CLA Destroys Body Fat: Effect Borders Pathological Lipodystrophy!"). Remember: Consistency is key! And some of the benefits of today's coffee may not show before you are in your late 70s... but let's get back to the results data from figure 1 and their implications for your current and future health:
- the decrease in visceral fat mass was not due exclusively to increased lipolysis
- the increase in insulin sensitivity induced by caffeine was not attributable to weight loss, increased NO production, caffeine-mediated antioxidant effects, decreased cortisol levels, or decreased SNS activity
- caffeine intake did not modify blood pressure, endogenous NO production, or antioxidant capacity in aged animals
- caffeine administration restored Glut4 expression in the elderly group, but it was not able to increase Glut4 expression above amaximal level in the 12Mgroup
- the rodents were kept on a normal diet, a healthy body weight is thus only a sign of overall metabolic health (remember: skinnier does not equal healthier!),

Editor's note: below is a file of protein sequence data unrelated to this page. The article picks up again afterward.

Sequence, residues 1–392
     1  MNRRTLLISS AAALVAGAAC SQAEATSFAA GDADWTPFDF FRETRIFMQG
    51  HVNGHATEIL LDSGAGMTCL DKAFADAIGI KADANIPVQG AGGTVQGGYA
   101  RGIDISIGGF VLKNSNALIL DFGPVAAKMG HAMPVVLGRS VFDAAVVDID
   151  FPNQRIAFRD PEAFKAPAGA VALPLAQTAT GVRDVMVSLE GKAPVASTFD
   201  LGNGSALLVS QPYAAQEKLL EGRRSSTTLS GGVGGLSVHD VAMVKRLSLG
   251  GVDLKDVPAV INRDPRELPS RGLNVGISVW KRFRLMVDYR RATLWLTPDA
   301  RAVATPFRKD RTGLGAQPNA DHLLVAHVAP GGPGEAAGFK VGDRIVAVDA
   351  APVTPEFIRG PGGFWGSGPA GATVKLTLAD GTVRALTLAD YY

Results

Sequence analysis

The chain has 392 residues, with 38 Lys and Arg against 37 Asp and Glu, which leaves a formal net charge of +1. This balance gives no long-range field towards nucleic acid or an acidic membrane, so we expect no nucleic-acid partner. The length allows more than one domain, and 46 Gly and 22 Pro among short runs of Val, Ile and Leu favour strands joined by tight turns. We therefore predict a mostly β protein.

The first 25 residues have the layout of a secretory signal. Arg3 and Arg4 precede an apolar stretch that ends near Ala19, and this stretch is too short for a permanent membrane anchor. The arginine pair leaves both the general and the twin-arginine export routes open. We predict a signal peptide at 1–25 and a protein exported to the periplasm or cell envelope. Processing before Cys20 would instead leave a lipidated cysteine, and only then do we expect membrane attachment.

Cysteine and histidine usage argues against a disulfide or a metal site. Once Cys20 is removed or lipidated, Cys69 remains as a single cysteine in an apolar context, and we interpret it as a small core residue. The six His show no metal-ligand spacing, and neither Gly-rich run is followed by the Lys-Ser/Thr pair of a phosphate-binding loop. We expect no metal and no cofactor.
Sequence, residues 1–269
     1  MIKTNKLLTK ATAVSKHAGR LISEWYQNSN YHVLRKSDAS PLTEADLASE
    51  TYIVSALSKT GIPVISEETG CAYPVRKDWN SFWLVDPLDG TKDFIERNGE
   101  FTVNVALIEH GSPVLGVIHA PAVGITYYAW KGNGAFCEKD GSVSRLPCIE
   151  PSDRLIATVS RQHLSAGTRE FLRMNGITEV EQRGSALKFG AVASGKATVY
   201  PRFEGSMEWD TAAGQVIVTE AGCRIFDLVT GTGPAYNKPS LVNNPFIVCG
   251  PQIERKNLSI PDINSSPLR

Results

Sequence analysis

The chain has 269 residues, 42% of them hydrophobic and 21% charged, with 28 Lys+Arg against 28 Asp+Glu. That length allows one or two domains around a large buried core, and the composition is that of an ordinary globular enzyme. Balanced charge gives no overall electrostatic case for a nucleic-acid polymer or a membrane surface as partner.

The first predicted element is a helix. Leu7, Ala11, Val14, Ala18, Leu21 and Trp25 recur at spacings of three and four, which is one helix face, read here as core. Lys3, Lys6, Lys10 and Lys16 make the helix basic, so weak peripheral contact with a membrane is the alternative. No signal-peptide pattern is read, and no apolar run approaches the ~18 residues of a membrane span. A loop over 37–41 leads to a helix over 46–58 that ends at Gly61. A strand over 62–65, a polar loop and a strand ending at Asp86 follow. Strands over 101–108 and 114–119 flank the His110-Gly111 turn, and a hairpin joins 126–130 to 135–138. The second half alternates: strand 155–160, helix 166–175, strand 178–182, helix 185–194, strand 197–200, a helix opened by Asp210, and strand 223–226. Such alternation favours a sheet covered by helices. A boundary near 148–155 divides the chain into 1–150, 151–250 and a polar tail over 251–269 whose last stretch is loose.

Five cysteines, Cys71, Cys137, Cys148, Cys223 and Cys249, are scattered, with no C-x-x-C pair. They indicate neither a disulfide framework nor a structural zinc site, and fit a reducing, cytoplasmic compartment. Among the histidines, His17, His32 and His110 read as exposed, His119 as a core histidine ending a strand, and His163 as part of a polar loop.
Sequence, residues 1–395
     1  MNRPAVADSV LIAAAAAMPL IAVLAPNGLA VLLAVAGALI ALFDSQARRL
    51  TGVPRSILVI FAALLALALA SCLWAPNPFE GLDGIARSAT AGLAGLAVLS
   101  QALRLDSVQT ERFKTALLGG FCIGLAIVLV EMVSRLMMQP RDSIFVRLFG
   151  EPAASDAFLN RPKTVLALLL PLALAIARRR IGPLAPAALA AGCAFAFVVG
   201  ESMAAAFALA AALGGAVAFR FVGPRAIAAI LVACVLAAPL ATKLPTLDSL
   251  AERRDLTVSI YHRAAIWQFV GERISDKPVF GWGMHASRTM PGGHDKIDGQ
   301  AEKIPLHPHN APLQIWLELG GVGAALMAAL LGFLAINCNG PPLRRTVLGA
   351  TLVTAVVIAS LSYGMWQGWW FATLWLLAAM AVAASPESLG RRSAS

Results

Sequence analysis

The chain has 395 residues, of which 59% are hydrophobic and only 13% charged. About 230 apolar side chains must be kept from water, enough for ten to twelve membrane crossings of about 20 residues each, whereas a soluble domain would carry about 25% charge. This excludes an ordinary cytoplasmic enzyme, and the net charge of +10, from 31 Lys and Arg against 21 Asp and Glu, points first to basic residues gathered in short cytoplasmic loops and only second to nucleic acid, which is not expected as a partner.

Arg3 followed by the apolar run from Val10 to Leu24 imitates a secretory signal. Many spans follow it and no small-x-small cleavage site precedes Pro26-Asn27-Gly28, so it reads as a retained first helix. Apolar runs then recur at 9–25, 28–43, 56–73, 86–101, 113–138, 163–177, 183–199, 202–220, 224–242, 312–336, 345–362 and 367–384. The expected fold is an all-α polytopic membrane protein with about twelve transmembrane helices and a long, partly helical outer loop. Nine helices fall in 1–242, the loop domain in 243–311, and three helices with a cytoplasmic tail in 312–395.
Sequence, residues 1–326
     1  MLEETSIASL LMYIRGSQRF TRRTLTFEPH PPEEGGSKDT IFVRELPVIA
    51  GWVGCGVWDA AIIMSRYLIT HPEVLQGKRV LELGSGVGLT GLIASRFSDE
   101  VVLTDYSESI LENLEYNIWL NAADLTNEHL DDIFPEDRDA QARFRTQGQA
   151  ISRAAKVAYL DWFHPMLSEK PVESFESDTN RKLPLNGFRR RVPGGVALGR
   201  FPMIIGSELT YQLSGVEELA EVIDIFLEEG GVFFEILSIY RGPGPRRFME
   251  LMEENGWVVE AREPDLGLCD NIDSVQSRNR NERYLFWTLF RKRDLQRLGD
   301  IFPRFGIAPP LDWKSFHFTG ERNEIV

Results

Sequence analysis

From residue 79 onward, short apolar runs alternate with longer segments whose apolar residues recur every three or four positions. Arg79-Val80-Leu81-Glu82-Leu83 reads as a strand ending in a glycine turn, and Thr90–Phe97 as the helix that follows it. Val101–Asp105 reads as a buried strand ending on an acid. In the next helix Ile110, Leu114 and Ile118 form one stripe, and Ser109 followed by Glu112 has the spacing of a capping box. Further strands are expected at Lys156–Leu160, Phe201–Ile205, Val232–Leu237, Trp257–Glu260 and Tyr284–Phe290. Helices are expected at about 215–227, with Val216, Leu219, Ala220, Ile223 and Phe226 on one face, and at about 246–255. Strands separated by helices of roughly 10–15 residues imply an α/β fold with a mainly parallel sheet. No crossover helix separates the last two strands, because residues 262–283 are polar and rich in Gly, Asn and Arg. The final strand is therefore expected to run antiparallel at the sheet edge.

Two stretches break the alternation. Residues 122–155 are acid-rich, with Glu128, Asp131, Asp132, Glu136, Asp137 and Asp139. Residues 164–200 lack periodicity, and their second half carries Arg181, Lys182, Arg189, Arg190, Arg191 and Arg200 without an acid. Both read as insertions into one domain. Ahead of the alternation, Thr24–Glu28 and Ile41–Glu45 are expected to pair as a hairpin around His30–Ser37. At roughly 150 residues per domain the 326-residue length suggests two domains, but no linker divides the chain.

- the 42% lower visceral fat levels in what would be middle aged rodents (12 months) is one of the most significant predictors of healthy aging (optimal brain and metabolic health + no cancer), and
- the maintenance of skeletal muscle GLUT4 expression is of fundamental importance to ward of those increasingly common "age-related" diseases of which we already know that they are at least precipitated by insulin resistance and high glucose levels, such as Alzheimer's and "regular" dementia (e.g. Rönnemaa. 2008; Accardi. 2012; Williamson. 2012)